Indias rescience on this matter is because it believes that Rohingya if granted citizenship may cause havoc in the already unstable political situation prevalant. When a certain class of people are backward economically and socially, and fail to receive any help from competent authorities for their upliftment it causes dramatic changes. Though a small section in the society they make a huge impact. eg the Rohingya who are being deprived by  India with regards to granting citizenship, are feared for as they can be manipulated by the al Qaeda that can take their backwardness as an advantage to take up arms and cause terror in a country that has granted them citizenship but has not seen them as entitled and therefore denies rights that come with it. India being the second largest populated nation would not gain from an increase. India fails to provide education and health for the prevanalt poor, the Rohingya would be another burden which would go unnoticed.
The UN must push, for the protection of the Rohingya, a trilateral agreement between India ,Myanmar and Bangladesh to reach an understanding of their plight.They should agree upon speedy and liberal rules for granting citizenship and providing them with a dignified humane life. Judgement delivered by the supreme court of india has a long standing effect in determining the issue of granting citizenship in india where one side there is threat to security and in a another side there is a possibility of social integration.

Tibetans position in India is very precarious. India while lending a helping hand through legislations contradicts the same through its actions. India recognises every person born between January 26, 1950 to July 1 1987 as citizens of India Contradicting which is the Foreigners Act 1946. Therefore, despite being born during this period Tibetans are denied citizenship. Even the two High court verdicts declaring such tibetans “citizens” was futile. While the arrival of Tibetan refugees was regulated by the 2003 Act, Most of them are denied entry by Indian Authorities by referring to them as “Push backs”. The ones who manage to walk this humiliating path successfully,  Manage to, after a tedious process, acquire Registration and Identity certificates even after which they are often denied Jobs, the right to vote, acquire land and the right to free movement.
How is a Tibetan who cannot hold land legally, who cannot obtain jobs easily have the kind of money needed ( Approx Rs 1,00,000 ) to go through the arduous Court procedure to prove himself to be a citizen of India. How can those who have been made citizens, feel at home after not being given the right to vote and right to government jobs and being abstained from having anything to do with the development of the Nation.

Stateless are mainly of two types, De jure Stateless and De facto Stateless.De jure statelessness occurs when the law prohibits certain people or groups from becoming nationals of a State. De facto statelessness occurs where a person is effectively denied the rights conferred on them by their nationality due to discrimination and often a lack of means to prove their nationality in the form of denial of access to documentation. Therefore it can be observed that statelessness is a concept that is bred by the state itself.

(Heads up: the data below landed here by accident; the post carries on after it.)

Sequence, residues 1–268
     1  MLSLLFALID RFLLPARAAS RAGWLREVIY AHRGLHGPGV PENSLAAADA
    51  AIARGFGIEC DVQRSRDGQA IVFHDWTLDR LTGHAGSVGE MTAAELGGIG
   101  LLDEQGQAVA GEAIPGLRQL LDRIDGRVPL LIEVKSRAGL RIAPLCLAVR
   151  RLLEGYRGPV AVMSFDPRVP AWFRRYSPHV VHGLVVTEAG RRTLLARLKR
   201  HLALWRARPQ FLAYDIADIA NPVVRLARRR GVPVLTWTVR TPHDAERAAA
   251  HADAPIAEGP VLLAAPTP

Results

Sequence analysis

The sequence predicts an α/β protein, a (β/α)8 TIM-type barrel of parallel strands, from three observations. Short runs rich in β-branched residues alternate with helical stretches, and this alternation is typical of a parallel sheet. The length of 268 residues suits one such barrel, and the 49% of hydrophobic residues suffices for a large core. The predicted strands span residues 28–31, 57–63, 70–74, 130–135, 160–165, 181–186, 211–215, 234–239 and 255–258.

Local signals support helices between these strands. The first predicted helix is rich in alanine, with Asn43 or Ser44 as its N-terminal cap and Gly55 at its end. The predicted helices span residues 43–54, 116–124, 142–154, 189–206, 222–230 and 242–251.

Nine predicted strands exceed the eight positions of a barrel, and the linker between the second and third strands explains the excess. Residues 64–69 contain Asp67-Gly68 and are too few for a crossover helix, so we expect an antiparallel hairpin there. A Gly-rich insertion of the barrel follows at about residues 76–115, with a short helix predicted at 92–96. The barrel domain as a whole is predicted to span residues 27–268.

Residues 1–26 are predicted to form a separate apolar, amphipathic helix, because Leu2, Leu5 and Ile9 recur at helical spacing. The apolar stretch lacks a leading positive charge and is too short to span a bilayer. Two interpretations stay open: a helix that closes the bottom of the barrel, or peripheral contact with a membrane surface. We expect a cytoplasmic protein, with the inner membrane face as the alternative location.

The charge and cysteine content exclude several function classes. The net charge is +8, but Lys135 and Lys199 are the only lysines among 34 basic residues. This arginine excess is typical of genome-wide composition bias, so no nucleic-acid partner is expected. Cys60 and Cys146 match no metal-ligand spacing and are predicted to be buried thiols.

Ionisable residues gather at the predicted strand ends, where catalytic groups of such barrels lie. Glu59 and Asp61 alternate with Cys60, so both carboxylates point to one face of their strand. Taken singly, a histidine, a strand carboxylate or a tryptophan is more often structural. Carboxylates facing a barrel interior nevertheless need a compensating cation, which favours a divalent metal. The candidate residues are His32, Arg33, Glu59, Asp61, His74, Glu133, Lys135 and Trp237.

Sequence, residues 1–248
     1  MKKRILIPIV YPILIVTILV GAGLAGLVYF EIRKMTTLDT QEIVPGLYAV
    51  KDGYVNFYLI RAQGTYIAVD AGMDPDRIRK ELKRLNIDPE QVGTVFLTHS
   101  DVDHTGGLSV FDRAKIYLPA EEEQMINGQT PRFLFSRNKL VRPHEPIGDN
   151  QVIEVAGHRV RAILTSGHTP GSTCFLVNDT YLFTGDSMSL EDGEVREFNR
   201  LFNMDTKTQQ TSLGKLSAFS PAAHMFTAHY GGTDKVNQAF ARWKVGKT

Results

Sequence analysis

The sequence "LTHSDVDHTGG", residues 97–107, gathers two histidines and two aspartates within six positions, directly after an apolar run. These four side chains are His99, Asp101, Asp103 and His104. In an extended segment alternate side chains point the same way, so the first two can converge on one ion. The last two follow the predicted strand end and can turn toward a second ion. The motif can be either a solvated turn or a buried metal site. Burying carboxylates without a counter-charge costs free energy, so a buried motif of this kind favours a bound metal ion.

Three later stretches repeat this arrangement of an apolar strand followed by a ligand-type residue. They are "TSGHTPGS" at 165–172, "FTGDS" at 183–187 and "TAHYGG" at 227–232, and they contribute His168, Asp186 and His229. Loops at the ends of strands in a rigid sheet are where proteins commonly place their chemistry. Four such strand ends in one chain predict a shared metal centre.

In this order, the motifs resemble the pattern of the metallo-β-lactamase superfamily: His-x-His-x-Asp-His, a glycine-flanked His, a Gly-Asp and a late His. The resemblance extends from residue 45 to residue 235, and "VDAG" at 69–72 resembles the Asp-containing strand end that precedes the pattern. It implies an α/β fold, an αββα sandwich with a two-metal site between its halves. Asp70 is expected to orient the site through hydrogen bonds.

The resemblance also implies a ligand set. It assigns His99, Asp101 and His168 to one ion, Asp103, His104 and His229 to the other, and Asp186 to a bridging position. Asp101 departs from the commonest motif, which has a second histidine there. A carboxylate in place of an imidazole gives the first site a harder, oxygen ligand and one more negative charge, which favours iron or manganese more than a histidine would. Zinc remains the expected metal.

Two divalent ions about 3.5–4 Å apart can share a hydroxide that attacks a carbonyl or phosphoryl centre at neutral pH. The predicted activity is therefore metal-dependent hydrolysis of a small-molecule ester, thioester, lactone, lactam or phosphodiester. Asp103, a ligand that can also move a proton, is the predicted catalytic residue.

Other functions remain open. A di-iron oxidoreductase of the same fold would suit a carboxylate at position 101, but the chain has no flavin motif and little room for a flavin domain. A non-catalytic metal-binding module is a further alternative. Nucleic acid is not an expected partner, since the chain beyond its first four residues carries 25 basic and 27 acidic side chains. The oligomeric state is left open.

Laws are formed by Countries keeping in mind the ideologies and customs that prevail within that particular country, as a result of which we have 195 variations of law. While dealing with so many ethnicities, religions and varying beliefs it is common to stumble upon the obstacle of conflicting laws while trying to reach the common goal of uniformity. E.g When A is born in a country that recognises citizenship only on the principles of  jus sanguinis, to B who’s country recognises principles of jus soli only, The problem of statelessness arises. Balancing out these laws, theoretically may seem very simple and obvious but in reality is exactly the opposite. Urging all nations to include a pure jus soli clause in their citizenship act may not suit the situation in certain countries. Thailand in 1972  which was previously a jus soli abolished it to prevent illegal immigration from Burma the same was also done by India on December 2004 so as to prevent illegal immigrants from bangladesh. A Country’s top priority is always to protect their national integrity. India which is already facing a problem of over population, terrorism, poverty, discrimination and corruption would think twice before bringing upon itself the burden of illegal immigrants who are manipulated into indulging in illegal activities as they cannot legally earn their living. Even if a country applies the jus soli principle, the question of how liberal and unconditional its application is remains. In the path of selfish national integrity one becomes blinded towards the selfless humanitarian approach. This diversion is where The UN must intervene by pressurising the nations through diplomatic ties for agreements between concerned countries to provided citizenship to the stateless in a more liberal manner by harmonising their laws with one another, so as to bridge out the gap. understanding their economic and social backwardness.